That’s because she seemed a bit sluggish just a few weeks earlier.
Fortunately, Edge returned to her normal self in no time. As a result, she got to share a shiny new trophy with some of her closest friends.
"One of my proudest moments was when Ravyn was district champion," longtime Tallmadge head cross country coach Jeremy Huth said. "At the Suburban League Meet the week before, she finished third but she was our third runner behind [senior] Kenna [Loveless] and [freshman] Kat [Carter].
"Ravyn always wanted to run well at the league meet. I think she was disappointed. When she was district champ, they didn’t hand out any medals. I told her, ‘You’re the district champ and you don’t get anything for it.’ She pointed at the first-place trophy our team got. That’s all that mattered to her."
It sure did.
Thanks to Edge’s awareness to recognize the big picture, the Blue Devils’ distance dynamos had a season to remember.
Besides its district title, Tallmadge finished third at the state competition. By the way, the Blue Devils had never reached the state meet as a team prior to 2019.
With Edge and Loveless, a four-time All-Ohioan who is heading to Ohio University in Athens, running neck-and-neck every Saturday, Tallmadge finally kicked the door in.
Not surprisingly, the two gifted endurance gurus had some legendary races throughout the years.
Their friendly rivalry pushed both recently-inducted Hall of Famers to uncharted heights.
It was a delight to watch if you favor blue and gold colors. And no one was more stoked than Huth.
"Ravyn and Kenna battled back and forth," he said. "You knew Kenna had the endurance, but Ravyn had the speed.
"At the district meet, there was a girl running with them. Kenna and Ravyn worked together and they just dropped that girl. It was a really awesome moment."
Huth’s previous "really awesome moment" took place when his favorite XC superhero joined his version of "Teen Titans."
Prior to joining the Blue Devils, Edge ran for Akron East’s track and field and cross country teams during her freshman year.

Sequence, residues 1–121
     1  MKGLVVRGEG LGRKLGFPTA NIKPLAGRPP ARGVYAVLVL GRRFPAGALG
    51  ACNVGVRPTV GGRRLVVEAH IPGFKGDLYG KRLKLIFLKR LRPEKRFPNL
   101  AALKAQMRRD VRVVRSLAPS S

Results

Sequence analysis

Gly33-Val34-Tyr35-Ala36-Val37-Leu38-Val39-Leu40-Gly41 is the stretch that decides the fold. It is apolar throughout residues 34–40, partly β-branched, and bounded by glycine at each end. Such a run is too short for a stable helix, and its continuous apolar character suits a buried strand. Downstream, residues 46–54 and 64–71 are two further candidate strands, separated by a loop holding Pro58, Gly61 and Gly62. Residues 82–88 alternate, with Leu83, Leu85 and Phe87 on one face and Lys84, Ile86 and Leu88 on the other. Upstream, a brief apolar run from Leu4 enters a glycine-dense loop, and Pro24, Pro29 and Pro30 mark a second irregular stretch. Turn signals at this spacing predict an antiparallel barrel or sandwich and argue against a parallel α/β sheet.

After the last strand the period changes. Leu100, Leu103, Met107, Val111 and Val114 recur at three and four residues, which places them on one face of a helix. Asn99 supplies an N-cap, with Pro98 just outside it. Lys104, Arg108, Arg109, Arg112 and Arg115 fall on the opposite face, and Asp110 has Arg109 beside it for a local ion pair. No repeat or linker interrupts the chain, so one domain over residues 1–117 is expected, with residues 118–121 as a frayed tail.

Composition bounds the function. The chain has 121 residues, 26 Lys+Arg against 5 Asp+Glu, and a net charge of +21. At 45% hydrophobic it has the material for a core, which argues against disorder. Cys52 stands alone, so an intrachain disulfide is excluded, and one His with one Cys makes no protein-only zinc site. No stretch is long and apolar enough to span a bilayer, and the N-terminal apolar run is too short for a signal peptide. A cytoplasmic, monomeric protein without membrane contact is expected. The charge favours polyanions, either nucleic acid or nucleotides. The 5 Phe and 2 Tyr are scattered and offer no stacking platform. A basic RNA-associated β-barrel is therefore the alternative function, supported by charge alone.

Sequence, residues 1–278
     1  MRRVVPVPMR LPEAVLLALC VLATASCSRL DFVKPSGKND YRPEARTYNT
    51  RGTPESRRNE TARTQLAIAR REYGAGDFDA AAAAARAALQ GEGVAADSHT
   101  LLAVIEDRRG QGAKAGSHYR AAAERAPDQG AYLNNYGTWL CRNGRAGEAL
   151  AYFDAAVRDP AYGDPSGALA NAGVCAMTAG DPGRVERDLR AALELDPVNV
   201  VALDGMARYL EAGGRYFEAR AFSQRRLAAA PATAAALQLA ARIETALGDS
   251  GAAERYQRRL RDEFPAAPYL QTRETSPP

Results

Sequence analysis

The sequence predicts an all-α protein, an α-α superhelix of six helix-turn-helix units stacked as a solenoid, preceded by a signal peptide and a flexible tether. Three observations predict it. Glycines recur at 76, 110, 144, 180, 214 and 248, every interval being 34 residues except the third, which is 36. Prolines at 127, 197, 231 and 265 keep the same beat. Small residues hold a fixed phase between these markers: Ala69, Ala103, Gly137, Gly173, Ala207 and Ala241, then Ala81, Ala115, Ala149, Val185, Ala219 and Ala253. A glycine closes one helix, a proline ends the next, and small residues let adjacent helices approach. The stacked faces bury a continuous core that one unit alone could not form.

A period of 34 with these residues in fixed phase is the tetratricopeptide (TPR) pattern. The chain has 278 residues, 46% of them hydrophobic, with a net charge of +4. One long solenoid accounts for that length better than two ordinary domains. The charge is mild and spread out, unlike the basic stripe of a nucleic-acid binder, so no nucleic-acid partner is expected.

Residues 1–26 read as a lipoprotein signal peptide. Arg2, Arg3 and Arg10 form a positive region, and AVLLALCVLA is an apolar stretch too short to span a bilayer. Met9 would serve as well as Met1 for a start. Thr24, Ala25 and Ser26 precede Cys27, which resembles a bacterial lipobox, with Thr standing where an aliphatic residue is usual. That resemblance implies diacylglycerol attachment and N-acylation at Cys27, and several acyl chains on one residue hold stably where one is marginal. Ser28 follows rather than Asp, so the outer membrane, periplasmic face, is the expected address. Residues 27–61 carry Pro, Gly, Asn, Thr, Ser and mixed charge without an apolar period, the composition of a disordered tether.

"Her coach [John MacLean] couldn’t make it to the regional meet," Huth said. "He asked me if we could take her there and help her out. After that, we kind of took her in and cheered for her the rest of the way. And then she came to Tallmadge."
Edge is still a "Die-Hard" fan of MacLean, a Reserve Officer’s Training Corps’ junior instructor at East High School.
With the help of a man affectionately known as "Topmac," Edge had found her calling.
As it turned out, this cross-country paradise was located on North Munroe Road.
Pardon Edge if she didn’t feel too comfortable entering the Pearly gates, though.
After all, how can a so-called heaven be full of so many ... Devils?
"When I rode the bus with them, I was kind of shy because I didn’t know anyone," Edge said. "At first, I was not loving it. I already had my team. I was already settled in. It took awhile to get adjusted."
She found her way, eventually. And once that happened, there was no looking back for the young lady with a passion for running.
In case you’re wondering, Edge didn’t take too many days off during the winter either.
She was a three-time state qualifier for Tallmadge’s indoor track and field team too.
"She loves track," Srodawa said. "She’s definitely more than a distance runner. She long jumps for us and I’ve used her in my 4x2 [800-meter relay]. She’s a true middle-distance runner. I can’t wait to see what she does in college."
Edge has managed to keep busy despite the harsh circumstances. Besides her workouts, she is currently completing a College Credit Plus course at the University of Akron.
In a few short months, Edge hopes to be back in her comfort zone. Preferably at races when the bright lights come on.
Considering her massive success on trails and her recent inactivity on tracks, perhaps Edge might have a change of heart when it comes to picking her favorite surfaces.
Don’t bet on it.
When it comes to her favorite hobby, track and field will always be the sport "That’s so Ravyn."
"Everyone knows I don’t love cross country as much as track," Edge said. "Even though I like track more, I still like the workouts."
Reporter Frank Aceto can be reached at 330-541-9444, firstname.lastname@example.org or @FrankAceto_Gannett.